Fantasy Links 4/28/17

April 28, 2017 at 3:09 pm | Posted in Articles | Leave a comment

A writing article about depicting internal conflicts from Mythcreants:  http://mythcreants.com/blog/depicting-internal-conflicts/#more-18260

An article on worldbuilding about siege and siegecraft:  http://fantasy-faction.com/2017/sieges-and-siegecraft-part-two-defenders

An article about the new “American Gods” tv show and the importance of reading the novel first:  http://io9.gizmodo.com/why-you-should-read-the-american-gods-novel-before-watc-1794638929

For those readers and watchers that love anime, here’s an article about anime coming out in the spring:  http://www.tor.com/2017/04/28/spring-2017-anime-preview-can-we-stop-adding-re-to-anime-titles-now/

Lastly, for fun this week an article about to name your nerdy cats:  https://theportalist.com/cat-names-for-your-nerdy-feline

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Fantasy Links 4/21/17

April 21, 2017 at 3:20 pm | Posted in Articles | Leave a comment
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Hello,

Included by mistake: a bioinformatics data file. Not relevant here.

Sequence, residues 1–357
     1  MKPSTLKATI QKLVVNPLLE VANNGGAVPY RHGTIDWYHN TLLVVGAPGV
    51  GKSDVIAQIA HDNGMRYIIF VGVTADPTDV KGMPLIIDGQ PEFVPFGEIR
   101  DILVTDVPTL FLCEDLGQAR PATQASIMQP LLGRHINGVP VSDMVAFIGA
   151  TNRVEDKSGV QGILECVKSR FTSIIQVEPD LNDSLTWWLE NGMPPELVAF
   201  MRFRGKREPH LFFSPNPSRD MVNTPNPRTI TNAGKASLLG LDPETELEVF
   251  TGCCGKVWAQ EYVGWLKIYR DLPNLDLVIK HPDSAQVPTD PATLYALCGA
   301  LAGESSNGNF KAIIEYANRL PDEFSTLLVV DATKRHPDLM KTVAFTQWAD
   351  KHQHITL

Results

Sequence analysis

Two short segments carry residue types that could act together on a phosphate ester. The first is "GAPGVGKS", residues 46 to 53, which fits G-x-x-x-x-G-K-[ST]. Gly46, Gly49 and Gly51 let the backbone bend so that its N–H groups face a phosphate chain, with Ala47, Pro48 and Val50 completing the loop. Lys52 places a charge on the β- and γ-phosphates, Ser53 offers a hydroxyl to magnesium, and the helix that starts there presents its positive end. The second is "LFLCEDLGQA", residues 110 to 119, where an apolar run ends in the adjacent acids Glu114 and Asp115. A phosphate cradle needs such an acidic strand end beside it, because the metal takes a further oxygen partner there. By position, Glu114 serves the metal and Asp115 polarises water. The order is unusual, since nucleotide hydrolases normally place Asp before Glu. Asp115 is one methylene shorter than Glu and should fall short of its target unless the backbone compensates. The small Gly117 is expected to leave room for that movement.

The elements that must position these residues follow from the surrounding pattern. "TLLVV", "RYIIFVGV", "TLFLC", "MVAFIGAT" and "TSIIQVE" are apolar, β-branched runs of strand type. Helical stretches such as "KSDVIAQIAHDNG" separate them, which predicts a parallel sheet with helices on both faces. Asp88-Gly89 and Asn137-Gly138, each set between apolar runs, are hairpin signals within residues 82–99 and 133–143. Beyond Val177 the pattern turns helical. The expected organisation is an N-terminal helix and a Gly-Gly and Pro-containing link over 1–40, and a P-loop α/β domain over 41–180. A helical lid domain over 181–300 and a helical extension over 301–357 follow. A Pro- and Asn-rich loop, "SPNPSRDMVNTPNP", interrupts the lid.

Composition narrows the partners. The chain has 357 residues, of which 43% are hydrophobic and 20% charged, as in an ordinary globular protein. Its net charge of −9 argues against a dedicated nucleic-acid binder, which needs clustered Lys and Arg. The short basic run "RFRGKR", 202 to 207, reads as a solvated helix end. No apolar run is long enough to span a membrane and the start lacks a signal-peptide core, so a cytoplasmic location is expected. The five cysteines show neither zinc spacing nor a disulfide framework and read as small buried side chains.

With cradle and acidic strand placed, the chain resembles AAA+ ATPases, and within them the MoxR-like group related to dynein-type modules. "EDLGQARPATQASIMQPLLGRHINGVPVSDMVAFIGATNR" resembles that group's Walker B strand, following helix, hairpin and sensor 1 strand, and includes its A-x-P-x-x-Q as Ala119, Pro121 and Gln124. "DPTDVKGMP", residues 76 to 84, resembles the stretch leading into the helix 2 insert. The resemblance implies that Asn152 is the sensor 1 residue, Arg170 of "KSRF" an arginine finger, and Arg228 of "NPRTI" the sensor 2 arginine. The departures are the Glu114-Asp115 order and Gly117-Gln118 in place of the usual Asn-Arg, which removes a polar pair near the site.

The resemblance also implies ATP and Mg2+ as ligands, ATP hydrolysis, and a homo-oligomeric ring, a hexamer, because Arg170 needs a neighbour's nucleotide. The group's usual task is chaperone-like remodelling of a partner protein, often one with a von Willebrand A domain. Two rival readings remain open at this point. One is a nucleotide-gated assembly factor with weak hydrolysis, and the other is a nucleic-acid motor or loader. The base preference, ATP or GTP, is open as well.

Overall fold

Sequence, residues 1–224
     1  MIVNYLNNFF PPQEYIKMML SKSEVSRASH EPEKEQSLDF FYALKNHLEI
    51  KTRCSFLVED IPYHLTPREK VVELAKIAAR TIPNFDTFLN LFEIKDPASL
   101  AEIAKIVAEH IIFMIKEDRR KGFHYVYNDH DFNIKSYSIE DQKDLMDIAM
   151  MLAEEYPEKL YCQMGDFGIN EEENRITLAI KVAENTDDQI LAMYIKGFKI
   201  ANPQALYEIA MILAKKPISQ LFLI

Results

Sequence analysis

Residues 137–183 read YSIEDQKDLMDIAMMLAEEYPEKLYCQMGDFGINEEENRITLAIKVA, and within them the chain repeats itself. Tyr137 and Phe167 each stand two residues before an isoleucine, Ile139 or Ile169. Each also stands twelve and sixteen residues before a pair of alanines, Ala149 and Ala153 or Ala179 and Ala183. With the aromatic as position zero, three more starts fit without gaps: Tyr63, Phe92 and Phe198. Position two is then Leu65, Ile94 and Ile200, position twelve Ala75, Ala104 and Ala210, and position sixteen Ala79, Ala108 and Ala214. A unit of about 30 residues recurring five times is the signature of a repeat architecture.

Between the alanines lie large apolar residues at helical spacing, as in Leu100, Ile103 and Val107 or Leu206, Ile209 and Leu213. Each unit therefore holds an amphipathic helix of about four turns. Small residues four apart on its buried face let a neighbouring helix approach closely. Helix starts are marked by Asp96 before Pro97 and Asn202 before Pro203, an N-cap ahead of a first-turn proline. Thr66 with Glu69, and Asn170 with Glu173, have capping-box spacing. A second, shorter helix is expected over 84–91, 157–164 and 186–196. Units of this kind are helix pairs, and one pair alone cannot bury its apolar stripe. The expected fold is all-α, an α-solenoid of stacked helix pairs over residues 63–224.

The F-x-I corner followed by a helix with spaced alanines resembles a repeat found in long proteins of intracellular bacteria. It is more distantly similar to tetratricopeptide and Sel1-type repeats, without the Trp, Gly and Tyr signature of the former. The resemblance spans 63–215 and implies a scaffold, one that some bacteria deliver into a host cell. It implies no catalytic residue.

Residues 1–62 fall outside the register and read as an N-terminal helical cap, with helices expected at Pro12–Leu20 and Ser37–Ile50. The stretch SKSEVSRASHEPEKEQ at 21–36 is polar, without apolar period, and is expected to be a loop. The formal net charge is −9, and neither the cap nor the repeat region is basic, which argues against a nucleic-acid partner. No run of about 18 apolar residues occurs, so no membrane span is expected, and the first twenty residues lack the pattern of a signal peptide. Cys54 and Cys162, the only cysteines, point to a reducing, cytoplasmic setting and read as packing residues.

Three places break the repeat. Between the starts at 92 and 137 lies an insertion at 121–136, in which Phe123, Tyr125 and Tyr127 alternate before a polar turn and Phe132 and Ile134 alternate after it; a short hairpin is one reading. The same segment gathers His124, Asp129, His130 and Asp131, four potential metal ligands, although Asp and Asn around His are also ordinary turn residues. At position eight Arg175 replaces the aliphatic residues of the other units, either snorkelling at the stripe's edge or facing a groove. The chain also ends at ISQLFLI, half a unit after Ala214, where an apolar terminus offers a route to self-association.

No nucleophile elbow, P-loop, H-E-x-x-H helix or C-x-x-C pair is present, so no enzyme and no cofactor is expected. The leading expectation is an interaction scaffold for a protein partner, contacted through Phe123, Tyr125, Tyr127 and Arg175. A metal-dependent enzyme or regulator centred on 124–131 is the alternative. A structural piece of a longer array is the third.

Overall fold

Sorry for the lack of posts recently. Life events as usual interfere. Here are some links to keep you going. Thank you.

An article for writers about poisons. http://www.harpervoyagerbooks.com/hvsciencefair-poison/

Here’s an article about worldbuilding and choosing a weapon for your characters. http://mythcreants.com/blog/choosing-a-weapon-for-your-hero/#more-18217

Here’s an article for readers of Brandon Sanderson and his Cosmere books. http://fantasy-faction.com/2017/introducing-cruising-the-cosmere

Mythic Scribes has a writing article about Foreshadowing. https://mythicscribes.com/writing-techniques/foreshadowing/

The Mad Genius blog has several entries of interest this week.  https://madgeniusclub.com/

Finally, Magical Words has several links posted this week of interest for readers and writers:  http://www.magicalwords.net/

Fantasy Links 3/31/17

March 31, 2017 at 3:58 pm | Posted in Articles | Leave a comment

Happy End of March! And Happy Friday! Here are some links to interesting articles to end the month. Enjoy.

 

For some fun and women in fiction here’s an article about favorite all women super teams:  http://www.tor.com/2017/03/31/your-favorite-all-female-super-teams/#more-261622

 

Here’s an article about writing series by author Gail Martin:  https://civilianreader.com/2016/07/07/guest-post-beginning-ending-and-extending-book-series-by-gail-z-martin/